4 You would expect a band named Beast in Black to be brutal and evil in the extreme — especially on a song called Die By The Blade. But you’d be wrong. Instead, the Finnish quintet fronted by chorome-domed singer Anton Kabanen take a more subtle and stylish approach, dishing out a synth-fuelled power-metal anthem straight from the ’80s on this preview of their Feb. 8 release From Hell With Love. SAYS THE PRESS RELEASE: “Die By The Blade is one of the Berserk manga related songs on the album and apart from its very straightforward song title, the lyrics deal with a deeper issue than it might seem at first glance.” Live and let die:
5 I suspect most musicians have wanted to strangle music journalists with their own microphone cords at one point or another. But Swedish metal masters Soilwork may be the only band that has actually done it on video. Or at least pretended to, as singer Björn Strid does to his hapless interrogator in the clip for Witan, the single from their just-released 11th album Verkligheten. And before we go any further, don’t get any bright ideas, folks. That is precisely why I conduct my interviews over the phone. SAYS THE PRESS RELEASE: “Swedish visionary metallers Soilwork have released their long awaited new album, Verkligheten! In celebration of the release the band has also released the music video for crushing song Witan.” If that’s the kind of drivel they spout in interviews, a few reporters might want to choke them too.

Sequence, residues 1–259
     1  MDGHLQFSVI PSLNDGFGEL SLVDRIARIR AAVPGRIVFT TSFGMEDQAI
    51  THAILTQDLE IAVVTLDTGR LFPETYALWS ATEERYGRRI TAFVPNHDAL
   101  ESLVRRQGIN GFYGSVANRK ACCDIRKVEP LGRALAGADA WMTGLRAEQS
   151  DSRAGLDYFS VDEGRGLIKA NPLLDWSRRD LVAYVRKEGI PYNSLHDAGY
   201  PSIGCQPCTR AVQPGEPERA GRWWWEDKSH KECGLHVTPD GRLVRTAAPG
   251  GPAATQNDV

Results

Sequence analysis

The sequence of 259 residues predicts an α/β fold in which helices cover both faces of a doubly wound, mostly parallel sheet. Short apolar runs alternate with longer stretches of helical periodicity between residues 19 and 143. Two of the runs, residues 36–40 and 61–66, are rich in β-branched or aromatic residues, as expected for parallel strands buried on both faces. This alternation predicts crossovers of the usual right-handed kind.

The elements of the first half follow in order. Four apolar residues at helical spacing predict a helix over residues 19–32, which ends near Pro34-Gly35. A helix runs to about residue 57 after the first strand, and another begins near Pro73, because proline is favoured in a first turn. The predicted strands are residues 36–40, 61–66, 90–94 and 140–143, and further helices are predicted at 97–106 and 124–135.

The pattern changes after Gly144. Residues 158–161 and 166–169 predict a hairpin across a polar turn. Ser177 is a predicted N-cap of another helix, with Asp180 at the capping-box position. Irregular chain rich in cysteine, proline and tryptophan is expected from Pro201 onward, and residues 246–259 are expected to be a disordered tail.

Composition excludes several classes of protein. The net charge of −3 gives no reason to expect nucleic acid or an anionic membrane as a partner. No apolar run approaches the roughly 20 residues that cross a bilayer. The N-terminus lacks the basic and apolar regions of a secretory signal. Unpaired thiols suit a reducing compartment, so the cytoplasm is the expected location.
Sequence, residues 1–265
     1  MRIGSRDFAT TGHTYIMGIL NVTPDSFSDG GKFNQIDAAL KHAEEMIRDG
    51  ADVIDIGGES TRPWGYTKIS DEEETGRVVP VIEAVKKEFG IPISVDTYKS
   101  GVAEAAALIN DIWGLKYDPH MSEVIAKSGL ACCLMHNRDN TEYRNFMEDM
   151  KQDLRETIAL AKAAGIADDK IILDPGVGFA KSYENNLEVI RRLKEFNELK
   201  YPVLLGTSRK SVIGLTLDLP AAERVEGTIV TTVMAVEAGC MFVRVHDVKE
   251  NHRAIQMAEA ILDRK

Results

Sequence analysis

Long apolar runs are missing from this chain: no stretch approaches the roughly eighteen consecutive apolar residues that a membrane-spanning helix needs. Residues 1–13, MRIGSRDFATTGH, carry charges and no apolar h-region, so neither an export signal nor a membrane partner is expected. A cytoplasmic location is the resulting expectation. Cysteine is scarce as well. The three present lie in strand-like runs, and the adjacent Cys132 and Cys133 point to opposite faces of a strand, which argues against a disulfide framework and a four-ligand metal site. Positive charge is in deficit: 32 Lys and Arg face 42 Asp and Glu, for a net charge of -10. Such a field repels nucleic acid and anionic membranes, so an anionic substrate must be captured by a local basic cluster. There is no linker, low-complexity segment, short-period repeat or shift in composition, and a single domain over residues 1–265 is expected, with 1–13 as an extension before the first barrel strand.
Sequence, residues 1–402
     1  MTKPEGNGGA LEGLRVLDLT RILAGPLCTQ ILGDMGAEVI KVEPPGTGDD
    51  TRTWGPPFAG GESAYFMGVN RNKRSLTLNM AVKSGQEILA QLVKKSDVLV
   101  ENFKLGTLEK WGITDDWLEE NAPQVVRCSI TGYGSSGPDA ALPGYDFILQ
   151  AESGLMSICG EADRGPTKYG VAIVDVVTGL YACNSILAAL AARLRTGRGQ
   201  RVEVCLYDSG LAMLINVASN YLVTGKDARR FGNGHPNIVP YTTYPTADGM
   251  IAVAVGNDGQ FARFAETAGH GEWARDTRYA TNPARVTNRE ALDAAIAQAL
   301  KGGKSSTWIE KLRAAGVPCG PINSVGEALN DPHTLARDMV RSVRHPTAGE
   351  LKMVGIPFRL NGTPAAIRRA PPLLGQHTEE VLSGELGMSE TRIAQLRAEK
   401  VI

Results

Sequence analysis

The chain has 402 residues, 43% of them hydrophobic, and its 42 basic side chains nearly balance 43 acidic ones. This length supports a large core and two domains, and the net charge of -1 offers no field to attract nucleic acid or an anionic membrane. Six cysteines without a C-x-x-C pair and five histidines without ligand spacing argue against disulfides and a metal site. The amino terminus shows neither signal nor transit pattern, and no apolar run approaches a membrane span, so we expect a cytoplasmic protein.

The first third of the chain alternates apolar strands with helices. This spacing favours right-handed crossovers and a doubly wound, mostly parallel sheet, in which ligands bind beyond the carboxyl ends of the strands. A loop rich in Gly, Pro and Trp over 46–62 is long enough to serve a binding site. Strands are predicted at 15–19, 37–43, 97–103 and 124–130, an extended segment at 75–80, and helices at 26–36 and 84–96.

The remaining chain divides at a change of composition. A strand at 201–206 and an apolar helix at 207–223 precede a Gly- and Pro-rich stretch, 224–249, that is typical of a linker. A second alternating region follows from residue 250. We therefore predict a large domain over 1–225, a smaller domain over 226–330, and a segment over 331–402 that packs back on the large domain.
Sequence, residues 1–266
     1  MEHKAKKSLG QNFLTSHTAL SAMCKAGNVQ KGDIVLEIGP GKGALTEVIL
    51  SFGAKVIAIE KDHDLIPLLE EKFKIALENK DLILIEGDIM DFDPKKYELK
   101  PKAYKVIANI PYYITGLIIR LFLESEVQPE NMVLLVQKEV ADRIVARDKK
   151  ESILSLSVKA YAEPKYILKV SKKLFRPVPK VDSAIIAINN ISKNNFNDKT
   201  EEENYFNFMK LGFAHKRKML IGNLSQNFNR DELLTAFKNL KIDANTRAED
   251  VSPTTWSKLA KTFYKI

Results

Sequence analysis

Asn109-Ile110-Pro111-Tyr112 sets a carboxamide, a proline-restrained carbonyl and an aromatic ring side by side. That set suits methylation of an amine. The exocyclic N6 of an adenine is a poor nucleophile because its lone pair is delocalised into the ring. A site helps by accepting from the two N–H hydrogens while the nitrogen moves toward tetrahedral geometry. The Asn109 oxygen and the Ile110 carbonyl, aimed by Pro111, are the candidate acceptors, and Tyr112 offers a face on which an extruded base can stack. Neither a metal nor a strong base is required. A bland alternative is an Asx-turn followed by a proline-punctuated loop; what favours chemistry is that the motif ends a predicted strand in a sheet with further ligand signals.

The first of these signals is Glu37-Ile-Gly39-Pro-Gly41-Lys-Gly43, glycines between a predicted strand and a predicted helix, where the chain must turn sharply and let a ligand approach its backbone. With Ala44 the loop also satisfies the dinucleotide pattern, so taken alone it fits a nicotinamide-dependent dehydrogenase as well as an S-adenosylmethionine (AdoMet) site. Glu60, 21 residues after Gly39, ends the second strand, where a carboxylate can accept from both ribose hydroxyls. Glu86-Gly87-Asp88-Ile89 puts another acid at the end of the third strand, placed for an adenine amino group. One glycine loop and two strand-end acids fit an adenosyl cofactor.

6 As Bob Dylan once told us, you gotta serve somebody. Unless you’re Sarah Potenza, perhaps. The Nashville singer-songwriter and former Voice contestant serves herself — as she makes patently clear on her empowered new single I Work For Me, a slice of irresistible R&B from her upcoming sophomore album Road To Rome, due on March 8 (which is International Women’s Day, appropriately enough). SAYS THE PRESS RELEASE: “I Work for Me is about more than just bossing up and doing for yourself. It’s saying ‘Hey, I work for me, as in, my body, my spirit, my personality, who I am…It all works for me. I Work for Me is my dedication to those who told me I wasn’t good enough. What I have come to know, is that what they really meant to say was, ‘How dare you believe that you can, when I don’t dare believe that I can.’ Because confidence scares people. It puts them in the awkward position of facing their own fear of success.” Works for me: